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Law firm warns importance of 'valid wills' after claimant wins £1.17 million in farming dispute

16/03/2018 News Team

Will dispute specialists at UK law firm Irwin Mitchell Private Wealth are emphasising the importance of written evidence in land and farming disputes in the absence of a valid will.

This was prompted after a High Court ruling in a proprietary estoppel farming dispute, where a farmer's daughter was awarded £1.17 million equal to the value of farmland and farm buildings. 

The judge ruled that Lucy Habberfield had been promised a significant part of the £2.5 million farm after her father, Frank Habberfield, died in 2014, but her mother Jane Habberfield contested the claim, saying she and her late husband had made no such promises.

The judge held much of the strength of the claimant’s argument on written evidence from a surveyor, of the parents contemplating passing the farm to their daughter which only reflected the assurances they had been giving her in return for her long-term commitment to the farm.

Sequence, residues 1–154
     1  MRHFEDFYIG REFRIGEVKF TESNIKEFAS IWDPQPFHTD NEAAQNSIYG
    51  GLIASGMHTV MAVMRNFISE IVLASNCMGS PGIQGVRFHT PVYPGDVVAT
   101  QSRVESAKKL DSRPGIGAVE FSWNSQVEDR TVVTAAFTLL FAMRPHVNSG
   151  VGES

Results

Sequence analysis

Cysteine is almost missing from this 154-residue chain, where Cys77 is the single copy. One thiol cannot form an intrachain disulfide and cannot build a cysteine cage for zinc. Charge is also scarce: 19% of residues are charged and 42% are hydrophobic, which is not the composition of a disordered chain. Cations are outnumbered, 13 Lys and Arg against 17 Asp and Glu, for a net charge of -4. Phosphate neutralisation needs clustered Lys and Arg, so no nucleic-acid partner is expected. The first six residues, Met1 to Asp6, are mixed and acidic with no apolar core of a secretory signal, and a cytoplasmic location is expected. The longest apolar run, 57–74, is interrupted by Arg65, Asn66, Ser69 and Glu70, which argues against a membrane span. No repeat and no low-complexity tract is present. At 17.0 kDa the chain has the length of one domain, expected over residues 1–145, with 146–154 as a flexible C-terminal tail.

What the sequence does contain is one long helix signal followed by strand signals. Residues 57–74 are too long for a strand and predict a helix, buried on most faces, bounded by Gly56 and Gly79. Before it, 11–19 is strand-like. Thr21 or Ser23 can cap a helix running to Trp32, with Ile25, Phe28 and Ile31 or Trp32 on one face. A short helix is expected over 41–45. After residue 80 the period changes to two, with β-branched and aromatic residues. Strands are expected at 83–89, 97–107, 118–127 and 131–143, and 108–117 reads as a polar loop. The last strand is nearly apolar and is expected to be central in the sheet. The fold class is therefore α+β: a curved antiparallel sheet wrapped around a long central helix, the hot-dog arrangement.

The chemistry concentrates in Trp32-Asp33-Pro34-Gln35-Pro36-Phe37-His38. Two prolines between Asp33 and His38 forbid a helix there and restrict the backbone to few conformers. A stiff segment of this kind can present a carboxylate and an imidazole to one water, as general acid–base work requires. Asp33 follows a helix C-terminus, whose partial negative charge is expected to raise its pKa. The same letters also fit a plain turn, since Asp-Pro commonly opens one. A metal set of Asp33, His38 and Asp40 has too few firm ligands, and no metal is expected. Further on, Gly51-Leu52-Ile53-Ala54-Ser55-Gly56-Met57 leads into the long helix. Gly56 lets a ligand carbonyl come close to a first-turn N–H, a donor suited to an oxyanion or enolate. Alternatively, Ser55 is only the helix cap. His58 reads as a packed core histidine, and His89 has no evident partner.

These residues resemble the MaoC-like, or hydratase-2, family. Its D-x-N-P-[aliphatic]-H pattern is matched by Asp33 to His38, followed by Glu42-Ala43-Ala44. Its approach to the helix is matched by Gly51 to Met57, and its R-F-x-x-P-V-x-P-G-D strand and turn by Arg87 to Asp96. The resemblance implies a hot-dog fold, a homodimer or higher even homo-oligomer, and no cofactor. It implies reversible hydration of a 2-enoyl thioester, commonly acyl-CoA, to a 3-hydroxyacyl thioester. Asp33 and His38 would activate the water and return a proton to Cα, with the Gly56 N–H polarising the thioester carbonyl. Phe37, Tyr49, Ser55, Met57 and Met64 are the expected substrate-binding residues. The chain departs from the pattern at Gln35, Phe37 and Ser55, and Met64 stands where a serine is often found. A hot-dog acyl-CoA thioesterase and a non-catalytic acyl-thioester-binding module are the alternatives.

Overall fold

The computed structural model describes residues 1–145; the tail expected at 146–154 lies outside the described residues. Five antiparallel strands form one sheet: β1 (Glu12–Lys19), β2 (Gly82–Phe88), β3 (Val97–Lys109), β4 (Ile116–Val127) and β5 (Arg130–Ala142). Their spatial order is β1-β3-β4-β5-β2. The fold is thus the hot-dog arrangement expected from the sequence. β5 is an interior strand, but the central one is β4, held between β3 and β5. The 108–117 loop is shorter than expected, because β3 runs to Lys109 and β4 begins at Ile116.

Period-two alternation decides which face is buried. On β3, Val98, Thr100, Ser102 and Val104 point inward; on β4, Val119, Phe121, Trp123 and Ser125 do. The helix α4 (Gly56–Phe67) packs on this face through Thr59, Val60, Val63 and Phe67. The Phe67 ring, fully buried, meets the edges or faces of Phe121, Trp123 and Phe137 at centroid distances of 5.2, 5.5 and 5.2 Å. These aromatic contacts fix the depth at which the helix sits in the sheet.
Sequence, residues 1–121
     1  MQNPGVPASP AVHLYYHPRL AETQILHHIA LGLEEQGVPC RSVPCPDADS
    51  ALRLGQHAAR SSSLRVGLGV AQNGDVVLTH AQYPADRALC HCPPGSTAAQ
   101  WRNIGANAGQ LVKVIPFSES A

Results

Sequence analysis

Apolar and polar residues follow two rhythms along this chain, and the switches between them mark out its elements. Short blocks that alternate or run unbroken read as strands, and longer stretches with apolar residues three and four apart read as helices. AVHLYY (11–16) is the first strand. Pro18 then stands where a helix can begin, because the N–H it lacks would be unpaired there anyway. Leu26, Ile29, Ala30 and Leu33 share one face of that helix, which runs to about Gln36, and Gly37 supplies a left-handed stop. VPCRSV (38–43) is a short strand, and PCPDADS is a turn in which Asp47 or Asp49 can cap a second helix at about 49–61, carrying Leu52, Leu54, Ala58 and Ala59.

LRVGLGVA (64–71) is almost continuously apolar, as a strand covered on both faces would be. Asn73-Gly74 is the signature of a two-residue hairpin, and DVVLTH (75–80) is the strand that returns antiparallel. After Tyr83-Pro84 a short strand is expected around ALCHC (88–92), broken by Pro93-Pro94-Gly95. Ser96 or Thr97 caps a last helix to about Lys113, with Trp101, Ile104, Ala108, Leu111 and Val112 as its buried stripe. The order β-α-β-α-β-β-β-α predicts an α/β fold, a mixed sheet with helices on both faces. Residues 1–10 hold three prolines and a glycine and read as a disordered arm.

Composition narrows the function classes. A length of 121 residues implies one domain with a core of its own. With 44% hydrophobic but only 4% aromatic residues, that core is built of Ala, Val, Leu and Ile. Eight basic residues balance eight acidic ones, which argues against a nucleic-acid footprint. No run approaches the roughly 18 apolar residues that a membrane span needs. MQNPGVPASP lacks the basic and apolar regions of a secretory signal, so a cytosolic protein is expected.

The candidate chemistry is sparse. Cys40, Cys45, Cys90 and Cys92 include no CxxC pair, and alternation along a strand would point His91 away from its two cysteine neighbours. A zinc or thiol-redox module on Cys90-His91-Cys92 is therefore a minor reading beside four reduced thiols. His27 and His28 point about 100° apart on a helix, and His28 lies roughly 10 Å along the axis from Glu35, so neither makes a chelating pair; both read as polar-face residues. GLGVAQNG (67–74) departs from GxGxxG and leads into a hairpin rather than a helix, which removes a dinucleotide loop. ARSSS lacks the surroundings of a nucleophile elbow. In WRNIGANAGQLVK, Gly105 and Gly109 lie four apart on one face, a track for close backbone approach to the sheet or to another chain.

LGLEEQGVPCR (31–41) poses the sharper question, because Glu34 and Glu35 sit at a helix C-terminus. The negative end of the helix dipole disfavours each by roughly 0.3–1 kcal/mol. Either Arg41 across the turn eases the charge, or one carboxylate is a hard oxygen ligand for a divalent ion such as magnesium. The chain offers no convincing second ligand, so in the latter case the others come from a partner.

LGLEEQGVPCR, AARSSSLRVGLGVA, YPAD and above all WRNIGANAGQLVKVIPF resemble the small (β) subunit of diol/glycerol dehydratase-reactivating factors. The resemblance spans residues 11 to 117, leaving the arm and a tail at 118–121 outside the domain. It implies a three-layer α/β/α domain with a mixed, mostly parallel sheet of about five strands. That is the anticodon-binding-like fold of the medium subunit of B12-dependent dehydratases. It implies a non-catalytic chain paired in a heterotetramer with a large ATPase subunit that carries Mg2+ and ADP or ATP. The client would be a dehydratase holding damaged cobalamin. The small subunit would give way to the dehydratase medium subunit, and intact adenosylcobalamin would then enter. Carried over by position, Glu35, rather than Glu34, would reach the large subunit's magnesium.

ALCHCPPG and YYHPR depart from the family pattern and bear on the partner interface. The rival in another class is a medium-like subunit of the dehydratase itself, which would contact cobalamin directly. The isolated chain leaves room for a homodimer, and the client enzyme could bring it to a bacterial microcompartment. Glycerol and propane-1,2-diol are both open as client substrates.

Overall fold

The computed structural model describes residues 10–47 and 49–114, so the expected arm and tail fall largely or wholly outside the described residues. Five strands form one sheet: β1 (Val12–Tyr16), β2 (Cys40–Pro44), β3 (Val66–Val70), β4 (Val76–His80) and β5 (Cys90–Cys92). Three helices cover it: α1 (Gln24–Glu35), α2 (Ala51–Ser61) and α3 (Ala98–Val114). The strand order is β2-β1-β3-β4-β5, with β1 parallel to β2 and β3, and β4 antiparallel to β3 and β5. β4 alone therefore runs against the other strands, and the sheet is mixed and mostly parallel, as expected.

Whilst warning that a valid will should be drawn up as early as possible and reviewed upon significant changes to the family circumstances, Irwin Mitchell Private Wealth also warned that when significant assets are involved – not only personal ones, like property, but also commercial ones, it is as important to formulate a succession plan for the business.

James Laycock, a partner in the will, trust and estates disputes team at Irwin Mitchell Private Wealth, said: “Proprietary estoppel claims are often tricky because when it comes to farming disputes, there’s rarely such a compelling piece of written evidence which supports one party’s argument over the other party.” 

“Without this type of critical documentary evidence, the Court is often left having to determine these types of cases largely on the evidence of the witnesses - much of which is rarely neutral."

Mr Laycock continued: “We would advise anyone who is in this situation to draw up a will and to regularly update it if there are significant life events, such as a divorce or a death in the family. 

“We also encourage parties to consider and implement a succession structure to ensure that cases such as this one do not end up tearing a family and all its hard-earned assets apart.”

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